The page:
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Life Cycle Assessment Plays Key Role In “The State of Green Business”


Sustainability, Life Cycle Assessment

On February 12, GreenBiz published its sixth annual “State of Green Business” Report.

There is much about the report that is interesting and prescient to the sustainability community. Perhaps unsurprisingly, one key finding is that companies increasingly rely on natural resources to do business:

“Although companies are developing ways to deliver goods and services more efficiently, their overall reliance on natural capital grew, with environmental costs rising by 8 percent to almost $352 million between 2007 and 2011. Companies have yet to decouple growth from environmental damage. This is mainly because of our global economy’s continued reliance on carbon-intensive fossil fuels, which meant that 42 percent of costs came from greenhouse gas emissions.”

But companies are also starting to realize the business benefits – cost savings, innovation, and other upside opportunities – of undertaking environmental activities:

“The number of S&P 500 companies reporting on profits from environmental activities rocketed by 61 percent over five years. Their environmental R&D more than doubled, despite economic gloom. The best is yet to come.”

The report, which you can download here was written and compiled in partnership with Trucost. It is both exhaustive in its approach and broad in its reach, with ten top trends:

• Companies Take Stock of Natural Capital
• Sustainability Becomes a Matter of Risk and Resilience
• Corporate Reporting Gets Integrated
• The Sharing Economy Makes Its Mark
• Commerce Gets Re-localized
• M2M Enables the Rise of Greener Machines
• Sustainability Goes App Crazy
• Materiality Becomes Material For Investors
• Companies Look Past Their Goals
• Peak Sustainability Threatens Corporate Progress

For EarthShift and the sustainability community, the first three trends offer a strong indication that the need for LCA is not only alive and well, but growing.

Companies Take Stock of Natural Capital

How else can a company value the natural capital – defined in the report as “the limited stock of Earth’s natural resources that humans depend on for our prosperity, security, and well-being” – if they can’t quantify natural capital requirements of their products, services and processes (see “Valuing Natural Capital at McDonald’s, Unilever, and Coca-Cola: GreenBiz Conference”)?

Another thing about natural capital – Sustainability ROI (S-ROI), our multi-criteria, multi-stakeholder decision analysis methodology and 3Pillars Software Tool, offers the companies the ability to understand potential business impacts to the environment, particularly when used in conjunction with LCA. Potential risks and benefits to the firm are balanced with those of other stakeholder groups – political, environmental and social.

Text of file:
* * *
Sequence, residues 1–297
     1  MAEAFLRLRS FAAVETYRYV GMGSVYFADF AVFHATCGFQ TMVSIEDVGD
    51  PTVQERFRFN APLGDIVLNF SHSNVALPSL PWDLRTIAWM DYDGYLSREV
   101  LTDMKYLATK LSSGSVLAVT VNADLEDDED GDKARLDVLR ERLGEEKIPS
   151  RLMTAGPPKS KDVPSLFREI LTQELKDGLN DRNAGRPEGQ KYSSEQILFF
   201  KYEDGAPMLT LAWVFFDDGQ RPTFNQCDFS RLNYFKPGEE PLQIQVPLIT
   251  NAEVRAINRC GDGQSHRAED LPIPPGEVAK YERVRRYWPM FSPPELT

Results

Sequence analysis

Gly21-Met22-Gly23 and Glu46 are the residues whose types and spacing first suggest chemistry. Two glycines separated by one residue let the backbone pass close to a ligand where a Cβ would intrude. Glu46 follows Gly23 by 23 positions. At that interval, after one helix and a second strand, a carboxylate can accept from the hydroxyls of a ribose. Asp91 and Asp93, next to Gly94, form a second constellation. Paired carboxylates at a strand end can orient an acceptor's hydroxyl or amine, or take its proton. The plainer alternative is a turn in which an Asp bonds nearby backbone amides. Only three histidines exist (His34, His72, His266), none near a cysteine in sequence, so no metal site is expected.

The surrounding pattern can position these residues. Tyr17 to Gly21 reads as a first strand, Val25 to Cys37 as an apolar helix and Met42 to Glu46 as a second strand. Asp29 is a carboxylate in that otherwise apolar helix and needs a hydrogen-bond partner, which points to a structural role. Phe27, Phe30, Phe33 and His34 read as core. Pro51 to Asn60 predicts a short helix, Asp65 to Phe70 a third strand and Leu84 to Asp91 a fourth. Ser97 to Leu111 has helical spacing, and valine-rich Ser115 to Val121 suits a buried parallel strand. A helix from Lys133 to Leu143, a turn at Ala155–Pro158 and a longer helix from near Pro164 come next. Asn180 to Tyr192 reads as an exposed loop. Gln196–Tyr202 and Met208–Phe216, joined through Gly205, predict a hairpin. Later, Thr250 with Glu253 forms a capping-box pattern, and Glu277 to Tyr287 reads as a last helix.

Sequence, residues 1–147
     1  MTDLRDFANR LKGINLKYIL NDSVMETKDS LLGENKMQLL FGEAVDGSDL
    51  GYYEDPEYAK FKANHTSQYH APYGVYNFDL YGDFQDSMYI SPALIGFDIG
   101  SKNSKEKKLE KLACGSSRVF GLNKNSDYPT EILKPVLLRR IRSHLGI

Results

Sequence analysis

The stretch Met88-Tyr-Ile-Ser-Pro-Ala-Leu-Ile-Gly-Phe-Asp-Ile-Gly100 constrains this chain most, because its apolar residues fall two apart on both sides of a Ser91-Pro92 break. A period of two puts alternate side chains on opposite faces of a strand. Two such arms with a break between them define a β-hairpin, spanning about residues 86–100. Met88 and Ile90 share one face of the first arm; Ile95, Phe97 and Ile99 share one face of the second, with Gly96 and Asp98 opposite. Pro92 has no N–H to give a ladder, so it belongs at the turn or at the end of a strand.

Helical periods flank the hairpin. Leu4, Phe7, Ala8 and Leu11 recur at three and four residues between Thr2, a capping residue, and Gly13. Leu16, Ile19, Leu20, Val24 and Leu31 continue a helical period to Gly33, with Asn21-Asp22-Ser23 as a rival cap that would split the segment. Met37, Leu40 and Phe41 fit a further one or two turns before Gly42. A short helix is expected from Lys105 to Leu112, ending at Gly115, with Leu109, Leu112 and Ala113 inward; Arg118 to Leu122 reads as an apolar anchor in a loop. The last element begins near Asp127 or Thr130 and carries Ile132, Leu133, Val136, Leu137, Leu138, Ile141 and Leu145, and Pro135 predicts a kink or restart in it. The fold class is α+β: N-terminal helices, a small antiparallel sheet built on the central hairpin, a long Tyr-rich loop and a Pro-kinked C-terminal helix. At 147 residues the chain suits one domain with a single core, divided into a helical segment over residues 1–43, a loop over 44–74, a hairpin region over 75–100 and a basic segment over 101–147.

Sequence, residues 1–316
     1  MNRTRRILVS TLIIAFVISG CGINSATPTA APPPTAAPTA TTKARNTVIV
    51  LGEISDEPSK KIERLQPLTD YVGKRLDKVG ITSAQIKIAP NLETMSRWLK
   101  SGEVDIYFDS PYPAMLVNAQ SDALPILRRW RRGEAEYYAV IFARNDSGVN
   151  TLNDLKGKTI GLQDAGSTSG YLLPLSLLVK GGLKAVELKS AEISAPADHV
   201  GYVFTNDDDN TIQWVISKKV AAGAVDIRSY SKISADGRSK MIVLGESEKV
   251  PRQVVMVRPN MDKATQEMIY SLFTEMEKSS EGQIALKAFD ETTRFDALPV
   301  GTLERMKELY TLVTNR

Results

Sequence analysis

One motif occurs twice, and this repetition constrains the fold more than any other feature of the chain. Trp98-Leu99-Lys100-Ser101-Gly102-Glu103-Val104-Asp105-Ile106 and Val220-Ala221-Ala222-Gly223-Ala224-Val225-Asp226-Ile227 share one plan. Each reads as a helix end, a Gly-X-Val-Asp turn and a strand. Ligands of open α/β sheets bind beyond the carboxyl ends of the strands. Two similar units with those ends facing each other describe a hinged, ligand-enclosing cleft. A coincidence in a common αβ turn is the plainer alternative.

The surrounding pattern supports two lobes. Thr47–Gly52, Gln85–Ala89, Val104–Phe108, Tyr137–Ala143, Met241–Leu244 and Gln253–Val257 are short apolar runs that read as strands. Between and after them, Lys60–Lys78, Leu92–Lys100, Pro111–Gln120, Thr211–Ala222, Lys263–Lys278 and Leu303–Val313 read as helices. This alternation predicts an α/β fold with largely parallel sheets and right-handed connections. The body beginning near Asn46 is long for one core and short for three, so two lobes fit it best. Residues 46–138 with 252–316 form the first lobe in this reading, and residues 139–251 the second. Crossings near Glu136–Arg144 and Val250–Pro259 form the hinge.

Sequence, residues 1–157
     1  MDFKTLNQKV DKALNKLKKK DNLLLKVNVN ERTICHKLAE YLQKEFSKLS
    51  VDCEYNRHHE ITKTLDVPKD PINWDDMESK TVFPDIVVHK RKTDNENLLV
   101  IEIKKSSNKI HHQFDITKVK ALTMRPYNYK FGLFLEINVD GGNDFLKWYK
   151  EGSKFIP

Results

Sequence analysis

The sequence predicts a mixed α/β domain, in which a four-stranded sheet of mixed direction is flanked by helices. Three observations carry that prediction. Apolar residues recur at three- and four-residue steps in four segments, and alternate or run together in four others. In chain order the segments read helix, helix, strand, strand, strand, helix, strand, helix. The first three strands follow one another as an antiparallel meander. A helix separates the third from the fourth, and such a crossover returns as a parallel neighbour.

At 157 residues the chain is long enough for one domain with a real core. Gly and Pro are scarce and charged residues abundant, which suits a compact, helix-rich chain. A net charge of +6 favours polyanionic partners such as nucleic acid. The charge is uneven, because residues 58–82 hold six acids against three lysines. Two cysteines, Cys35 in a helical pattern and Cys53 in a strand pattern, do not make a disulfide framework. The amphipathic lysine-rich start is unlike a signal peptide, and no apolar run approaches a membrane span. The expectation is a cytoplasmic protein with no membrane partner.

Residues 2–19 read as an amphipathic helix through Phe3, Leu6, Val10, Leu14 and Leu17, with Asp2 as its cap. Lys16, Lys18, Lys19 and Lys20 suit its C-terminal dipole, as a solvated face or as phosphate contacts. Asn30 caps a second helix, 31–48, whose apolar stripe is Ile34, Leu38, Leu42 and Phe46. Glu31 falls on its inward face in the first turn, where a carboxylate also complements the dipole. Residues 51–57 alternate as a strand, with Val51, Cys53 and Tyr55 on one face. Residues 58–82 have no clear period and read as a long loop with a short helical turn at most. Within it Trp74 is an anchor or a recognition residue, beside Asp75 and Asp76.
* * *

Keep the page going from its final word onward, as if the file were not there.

EarthShift, Sustainability

Sustainability Becomes a Matter of Risk and Resilience

On risk and resilience, LCA affords companies the opportunity to proactively measure and analyze their environmental impacts. Nearly all business activities use resources in one way or another. Understanding resource consumption and its current and future implications helps companies avoid long-term risks associated with rising costs and increasing resource scarcity (see “The Business Case for Sustainability and Life Cycle Assessment at Hypertherm").

Corporate Reporting Gets Integrated

And finally, sustainability reporting improves to the extent that LCA and other tools and methodologies offer transparency into resource utilization.

“One challenge is that the growth and sophistication of sustainability reporting is limited, if not undermined, by the tools companies are using to produce them. According to a 2012 report published by Ernst & Young in partnership with, ‘those tools remain rudimentary, even primitive, compared with those used for reporting on financial measures.’ When asked to name the tools used to compile their sustainability reports, most companies cited spreadsheets, centralized databases, emails and phone calls as the principal tools, with about one in four using packaged software. As integrated reporting catches on, it will push companies to use tools that help them generate higher-quality sustainability data.”

If companies spent some more time and resources to implement LCA, they’d find well-developed tools like SimaPro, EarthSmart, PackageSmart, and others that offer comprehensive and exhaustive environmental impact data. The process is ISO certified, meaning it has an accepted protocol developed and maintained by an impartial international consortium.

"The Old Rationale Hasn't Gone Away"

All in all, the GreenBiz report is worth a read. Perhaps most interesting about the piece is its keen attention on the way sustainability continues to evolve in both the public and corporate consciousness:

“The ‘old’ rationale hasn’t gone away — companies are still harnessing sustainability to cut costs, improve quality, engage employees, and all the rest — but the world of sustainable business made some slight but profound shifts in 2012. As the global economy sputtered back to life, companies began to link their sustainability strategy to critical business activities. Today’s rationale might sound something like this: We do these things to insulate ourselves from turbulent times, adhere to customer requirements, ensure that communities where we operate will welcome us, and protect our reputation. They help us be resilient and ensure our survival amid disruptions.

This is the new world of sustainable business. It goes well beyond the nice-to-do issues of ‘corporate responsibility’ and ‘eco-efficiency.’ It views incrementalism as insufficient, ignorance as unacceptable, and unpredictability as the new norm.”

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